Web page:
SEATTLE -- Staff members who worked while sick at multiple long-term care facilities contributed to the spread of COVID-19 among vulnerable elderly in the Seattle area, federal health officials said Wednesday.
At least 30 coronavirus deaths have been linked to Life Care Center in Kirkland. A report Wednesday from the U.S. Centers for Disease Control and Prevention provided the most detailed account to date of what drove the outbreak.
Public health authorities who surveyed long-term care facilities in the area found facilities didn’t have enough personal protective equipment or other items such as alcohol-based hand sanitizer.
They also said nursing homes in the area are vulnerable because staff members worked with symptoms, worked in more than one facility, and sometimes didn’t know about or follow recommendations about protecting their eyes or being careful while in close contact with ill patients.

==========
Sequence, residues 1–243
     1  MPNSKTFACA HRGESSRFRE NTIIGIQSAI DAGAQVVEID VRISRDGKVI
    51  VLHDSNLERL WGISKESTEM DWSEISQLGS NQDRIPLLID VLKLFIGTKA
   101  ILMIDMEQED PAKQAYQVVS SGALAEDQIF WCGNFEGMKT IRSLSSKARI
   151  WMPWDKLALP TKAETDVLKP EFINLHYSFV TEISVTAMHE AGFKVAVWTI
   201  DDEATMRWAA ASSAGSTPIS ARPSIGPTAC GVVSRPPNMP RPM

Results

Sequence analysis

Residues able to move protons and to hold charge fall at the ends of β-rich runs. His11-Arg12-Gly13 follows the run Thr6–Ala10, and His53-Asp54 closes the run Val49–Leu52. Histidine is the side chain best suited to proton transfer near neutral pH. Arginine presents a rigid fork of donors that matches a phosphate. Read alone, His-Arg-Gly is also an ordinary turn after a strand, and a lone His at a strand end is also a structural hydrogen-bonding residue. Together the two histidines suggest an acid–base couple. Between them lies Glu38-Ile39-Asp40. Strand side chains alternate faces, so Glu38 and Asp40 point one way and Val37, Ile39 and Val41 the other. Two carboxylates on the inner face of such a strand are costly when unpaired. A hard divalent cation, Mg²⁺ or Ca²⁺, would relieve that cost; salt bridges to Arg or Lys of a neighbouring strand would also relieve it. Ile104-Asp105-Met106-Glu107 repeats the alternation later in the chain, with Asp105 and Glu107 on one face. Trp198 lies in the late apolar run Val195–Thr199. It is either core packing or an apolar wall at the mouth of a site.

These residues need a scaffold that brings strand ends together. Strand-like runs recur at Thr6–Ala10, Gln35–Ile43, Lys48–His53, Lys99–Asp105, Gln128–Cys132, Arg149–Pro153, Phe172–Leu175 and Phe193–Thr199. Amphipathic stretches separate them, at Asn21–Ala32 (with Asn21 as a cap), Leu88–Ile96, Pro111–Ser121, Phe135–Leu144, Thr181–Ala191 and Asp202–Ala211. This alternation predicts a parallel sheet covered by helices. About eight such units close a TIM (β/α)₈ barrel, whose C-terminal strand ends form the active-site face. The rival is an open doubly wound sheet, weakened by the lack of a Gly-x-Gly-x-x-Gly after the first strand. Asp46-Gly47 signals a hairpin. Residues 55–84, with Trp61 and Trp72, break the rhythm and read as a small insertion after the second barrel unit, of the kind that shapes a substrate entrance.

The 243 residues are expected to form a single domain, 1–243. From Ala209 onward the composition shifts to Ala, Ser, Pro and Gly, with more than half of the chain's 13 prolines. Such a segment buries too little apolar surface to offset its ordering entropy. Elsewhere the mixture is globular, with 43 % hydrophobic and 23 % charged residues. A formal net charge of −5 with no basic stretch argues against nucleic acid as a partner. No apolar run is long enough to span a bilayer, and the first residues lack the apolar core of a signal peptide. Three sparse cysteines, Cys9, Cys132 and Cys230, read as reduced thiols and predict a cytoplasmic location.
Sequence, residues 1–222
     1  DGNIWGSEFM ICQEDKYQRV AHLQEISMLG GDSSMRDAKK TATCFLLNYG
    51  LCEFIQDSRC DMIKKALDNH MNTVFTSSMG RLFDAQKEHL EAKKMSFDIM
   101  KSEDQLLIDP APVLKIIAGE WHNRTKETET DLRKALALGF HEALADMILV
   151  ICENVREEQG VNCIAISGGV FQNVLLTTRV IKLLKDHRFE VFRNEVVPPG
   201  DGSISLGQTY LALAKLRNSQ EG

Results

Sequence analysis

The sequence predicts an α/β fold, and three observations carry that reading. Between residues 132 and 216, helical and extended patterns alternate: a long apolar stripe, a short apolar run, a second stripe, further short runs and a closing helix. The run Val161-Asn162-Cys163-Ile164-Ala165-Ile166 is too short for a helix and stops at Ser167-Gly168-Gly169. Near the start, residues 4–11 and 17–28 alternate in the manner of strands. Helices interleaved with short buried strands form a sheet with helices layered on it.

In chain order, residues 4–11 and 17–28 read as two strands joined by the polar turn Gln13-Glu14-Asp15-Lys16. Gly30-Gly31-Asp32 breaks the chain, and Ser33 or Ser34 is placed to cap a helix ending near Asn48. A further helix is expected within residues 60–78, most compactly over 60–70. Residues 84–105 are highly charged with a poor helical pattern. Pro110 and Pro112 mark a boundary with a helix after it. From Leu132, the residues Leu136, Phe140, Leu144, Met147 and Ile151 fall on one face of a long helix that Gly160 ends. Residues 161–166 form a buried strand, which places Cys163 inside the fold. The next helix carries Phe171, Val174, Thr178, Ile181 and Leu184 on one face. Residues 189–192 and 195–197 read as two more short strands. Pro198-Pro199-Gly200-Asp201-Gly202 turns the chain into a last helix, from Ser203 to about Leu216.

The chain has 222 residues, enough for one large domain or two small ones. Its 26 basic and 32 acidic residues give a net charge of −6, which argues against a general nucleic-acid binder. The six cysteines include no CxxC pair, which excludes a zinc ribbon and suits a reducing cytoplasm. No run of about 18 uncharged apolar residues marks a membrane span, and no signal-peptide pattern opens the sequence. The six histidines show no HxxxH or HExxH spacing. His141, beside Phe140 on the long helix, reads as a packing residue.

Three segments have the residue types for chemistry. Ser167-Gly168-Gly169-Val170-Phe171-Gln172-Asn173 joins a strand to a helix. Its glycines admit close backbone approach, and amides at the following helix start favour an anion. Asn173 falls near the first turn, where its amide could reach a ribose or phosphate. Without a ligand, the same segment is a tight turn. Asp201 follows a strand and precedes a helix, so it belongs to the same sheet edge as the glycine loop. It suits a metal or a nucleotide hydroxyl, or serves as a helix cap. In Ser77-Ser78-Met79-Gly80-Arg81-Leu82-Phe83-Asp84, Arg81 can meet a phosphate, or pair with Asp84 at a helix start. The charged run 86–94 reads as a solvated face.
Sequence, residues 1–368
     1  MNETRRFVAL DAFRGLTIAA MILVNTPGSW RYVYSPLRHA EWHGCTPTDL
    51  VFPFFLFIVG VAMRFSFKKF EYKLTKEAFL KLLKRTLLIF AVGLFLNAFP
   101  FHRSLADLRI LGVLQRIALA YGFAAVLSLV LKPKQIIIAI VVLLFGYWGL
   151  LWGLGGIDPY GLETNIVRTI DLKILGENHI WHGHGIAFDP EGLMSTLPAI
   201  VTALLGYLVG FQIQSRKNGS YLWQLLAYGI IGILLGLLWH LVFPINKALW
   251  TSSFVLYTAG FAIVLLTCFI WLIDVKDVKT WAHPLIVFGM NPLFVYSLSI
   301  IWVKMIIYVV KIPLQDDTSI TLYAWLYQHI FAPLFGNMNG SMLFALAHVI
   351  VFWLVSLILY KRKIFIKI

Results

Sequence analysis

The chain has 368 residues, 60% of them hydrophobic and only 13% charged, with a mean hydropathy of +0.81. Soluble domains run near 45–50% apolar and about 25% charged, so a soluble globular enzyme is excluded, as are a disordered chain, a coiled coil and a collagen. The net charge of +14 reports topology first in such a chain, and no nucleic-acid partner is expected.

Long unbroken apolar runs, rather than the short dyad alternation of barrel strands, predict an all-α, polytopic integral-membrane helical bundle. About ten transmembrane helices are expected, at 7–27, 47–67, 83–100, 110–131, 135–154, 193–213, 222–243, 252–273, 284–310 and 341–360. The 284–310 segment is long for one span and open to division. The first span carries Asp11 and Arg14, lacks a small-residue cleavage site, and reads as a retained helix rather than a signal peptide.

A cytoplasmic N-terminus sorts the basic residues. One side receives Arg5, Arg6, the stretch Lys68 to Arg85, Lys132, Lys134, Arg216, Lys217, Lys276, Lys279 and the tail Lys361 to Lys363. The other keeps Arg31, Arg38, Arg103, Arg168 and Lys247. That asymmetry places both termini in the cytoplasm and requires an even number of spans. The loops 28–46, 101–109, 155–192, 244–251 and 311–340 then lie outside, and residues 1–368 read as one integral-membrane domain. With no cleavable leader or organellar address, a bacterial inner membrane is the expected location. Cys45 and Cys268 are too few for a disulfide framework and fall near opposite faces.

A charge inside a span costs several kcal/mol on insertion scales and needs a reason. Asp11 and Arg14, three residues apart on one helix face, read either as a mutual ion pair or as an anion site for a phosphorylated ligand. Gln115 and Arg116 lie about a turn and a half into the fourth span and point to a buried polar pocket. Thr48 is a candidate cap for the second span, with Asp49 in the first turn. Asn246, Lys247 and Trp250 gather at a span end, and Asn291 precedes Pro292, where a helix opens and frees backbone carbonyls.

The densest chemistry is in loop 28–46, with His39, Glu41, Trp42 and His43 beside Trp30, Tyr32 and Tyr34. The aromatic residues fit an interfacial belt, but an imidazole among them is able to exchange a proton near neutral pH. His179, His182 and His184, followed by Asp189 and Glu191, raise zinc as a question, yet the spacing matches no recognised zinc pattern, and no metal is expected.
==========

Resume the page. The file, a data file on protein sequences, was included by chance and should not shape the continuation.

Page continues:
Nursing home officials also were slow to think that symptoms might be caused by coronavirus, and faced problems from limited testing ability, according to the report.
About 57% of the patients at the nursing home were hospitalized after getting infected. Of those, more than 1 in 4 died. No staff members died.
“The findings in this report suggest that once COVID-19 has been introduced into a long-term care facility, it has the potential to result in high attack rates among residents, staff members, and visitors,” the report says. “In the context of rapidly escalating COVID-19 outbreaks in much of the United States, it is critical that long-term care facilities implement active measures to prevent introduction of COVID-19.”